Changes in our collective behaviour and culture over the past year have played out on YouTube in fascinating ways. (Case in point: The accelerated trend for ‘slow living’ content and the stunning rise of virtual product launches). The platform captures the zeitgeist like no other.
Our team of YouTube analysts delved deep into YouTube content to understand the trends that could live beyond the pandemic. We explored viewership, content, and creative trends that have emerged around the world over the past year. What we found repeatedly pointed to one thing: the increasing indispensability of video in people's lives, primarily for a sense of connection. We captured our findings in a new YouTube Culture and Trends Report. Here are the high-level highlights:
Lesson 1: Watching live and simultaneous viewing helps people gain a sense of community
As countries around the world went into lockdown, the small connections that make people feel part of a community — the random chat with a stranger at a mutual friend’s wedding, the banter with other fans while watching your sports team play — all but disappeared.
It’s not surprising, then, that people have turned to online video to fill this gap. Watching video with others, whether physically or in the virtual world, heightens immediacy, generating a stronger sense of connection.
We are seeing this trend play out in the explosion of live stream events, as viewers continue to seek out ways to be together. In the U.K., 78% of people say they’ve watched a live stream over the past 12 months, according to a recent survey.1 Events such as NASA’s Perseverance rover landing on Mars garnered more than 2 million peak concurrent viewers and 22 million all-time playbacks,2 while Formula 1 reshaped the fan experience with its first live Grand Prix on YouTube.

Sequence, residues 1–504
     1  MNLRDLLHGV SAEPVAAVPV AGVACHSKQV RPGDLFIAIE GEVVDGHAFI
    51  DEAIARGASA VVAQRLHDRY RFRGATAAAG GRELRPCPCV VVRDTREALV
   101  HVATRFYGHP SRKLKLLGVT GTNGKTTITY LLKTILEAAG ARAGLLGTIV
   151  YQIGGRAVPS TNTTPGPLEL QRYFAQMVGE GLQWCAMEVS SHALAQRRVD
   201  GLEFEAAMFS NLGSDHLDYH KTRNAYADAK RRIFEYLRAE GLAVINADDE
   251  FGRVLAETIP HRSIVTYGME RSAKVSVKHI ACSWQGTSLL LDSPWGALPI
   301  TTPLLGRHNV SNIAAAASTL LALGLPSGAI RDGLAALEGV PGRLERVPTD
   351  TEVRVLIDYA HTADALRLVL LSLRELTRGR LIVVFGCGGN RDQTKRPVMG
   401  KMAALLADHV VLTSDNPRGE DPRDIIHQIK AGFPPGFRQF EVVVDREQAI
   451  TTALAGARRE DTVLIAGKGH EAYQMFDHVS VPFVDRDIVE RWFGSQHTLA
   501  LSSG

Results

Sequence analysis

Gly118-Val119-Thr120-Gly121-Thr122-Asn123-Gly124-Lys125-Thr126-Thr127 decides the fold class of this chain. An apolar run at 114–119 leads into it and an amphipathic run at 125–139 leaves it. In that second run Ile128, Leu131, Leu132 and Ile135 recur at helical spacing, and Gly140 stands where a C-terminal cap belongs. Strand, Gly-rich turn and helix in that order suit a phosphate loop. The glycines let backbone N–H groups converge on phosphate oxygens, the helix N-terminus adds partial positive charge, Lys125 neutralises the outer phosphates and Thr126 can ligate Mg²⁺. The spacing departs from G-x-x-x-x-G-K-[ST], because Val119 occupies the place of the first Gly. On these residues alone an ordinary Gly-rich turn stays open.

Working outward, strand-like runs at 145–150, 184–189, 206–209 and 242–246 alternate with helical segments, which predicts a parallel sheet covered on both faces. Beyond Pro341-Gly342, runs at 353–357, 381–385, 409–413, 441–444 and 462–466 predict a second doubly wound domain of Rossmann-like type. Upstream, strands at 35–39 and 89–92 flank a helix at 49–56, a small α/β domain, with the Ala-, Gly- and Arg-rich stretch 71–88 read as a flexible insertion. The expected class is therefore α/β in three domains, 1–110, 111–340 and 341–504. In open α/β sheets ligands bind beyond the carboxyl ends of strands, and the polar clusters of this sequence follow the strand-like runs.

With stadiums closed to spectators, football “watchalongs” help bring some of that much-missed match-day experience to the digital space. For example, a recent watchalong for Arsenal vs Villarreal garnered well over 800,000 views,3 nearly 14 times the capacity of the stadium where it took place. The trend has continued for the Euro 2020 Championship and beyond.
Watching video with others, whether physically or in the virtual world, heightens immediacy, generating a stronger sense of connection
Music artists are also engaging audiences with more intimate and innovative performances. British singer-songwriter James Blake treated fans to new tracks in a live Boiler Room set in October, while DJ Four Tet has a constant livestream on his channel. When DJ Dom Whiting takes to the streets on a bicycle kitted out with decks for one-of-a-kind live-streamed music sets, his appeal may seem niche. Yet through the power of connection over YouTube, Whiting has over 65,000 followers – with one particular video from April already on the cusp of a million views.